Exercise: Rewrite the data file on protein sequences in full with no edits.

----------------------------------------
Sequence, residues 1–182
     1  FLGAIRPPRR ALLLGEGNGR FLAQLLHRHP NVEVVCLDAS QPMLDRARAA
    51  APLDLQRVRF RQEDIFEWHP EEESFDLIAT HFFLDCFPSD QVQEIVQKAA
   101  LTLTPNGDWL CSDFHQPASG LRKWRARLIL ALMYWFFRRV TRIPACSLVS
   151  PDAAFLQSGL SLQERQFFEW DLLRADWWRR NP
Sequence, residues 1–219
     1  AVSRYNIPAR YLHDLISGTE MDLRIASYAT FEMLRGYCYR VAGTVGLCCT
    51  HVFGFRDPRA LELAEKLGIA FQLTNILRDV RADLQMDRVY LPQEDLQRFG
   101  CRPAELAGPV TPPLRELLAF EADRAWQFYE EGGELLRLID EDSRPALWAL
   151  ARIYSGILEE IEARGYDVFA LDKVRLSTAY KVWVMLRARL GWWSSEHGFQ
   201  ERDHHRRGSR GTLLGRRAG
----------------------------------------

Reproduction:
Sequence, residues 1–182
     1  FLGAIRPPRR ALLLGEGNGR FLAQLLHRHP NVEVVCLDAS QPMLDRARAA
    51  APLDLQRVRF RQEDIFEWHP EEESFDLIAT HFFLDCFPSD QVQEIVQKAA
   101  LTLTPNGDWL CSDFHQPASG LRKWRARLIL ALMYWFFRRV TRIPACSLVS
   151  PDAAFLQSGL SLQERQFFEW DLLRADWWRR NP
Sequence, residues 1–219
     1  AVSRYNIPAR YLHDLISGTE MDLRIASYAT FEMLRGYCYR VAGTVGLCCT
    51  HVFGFRDPRA LELAEKLGIA FQLTNILRDV RADLQMDRVY LPQEDLQRFG
   101  CRPAELAGPV TPPLRELLAF EADRAWQFYE EGGELLRLID EDSRPALWAL
   151  ARIYSGILEE IEARGYDVFA LDKVRLSTAY KVWVMLRARL GWWSSEHGFQ
   201  ERDHHRRGSR GTLLGRRAG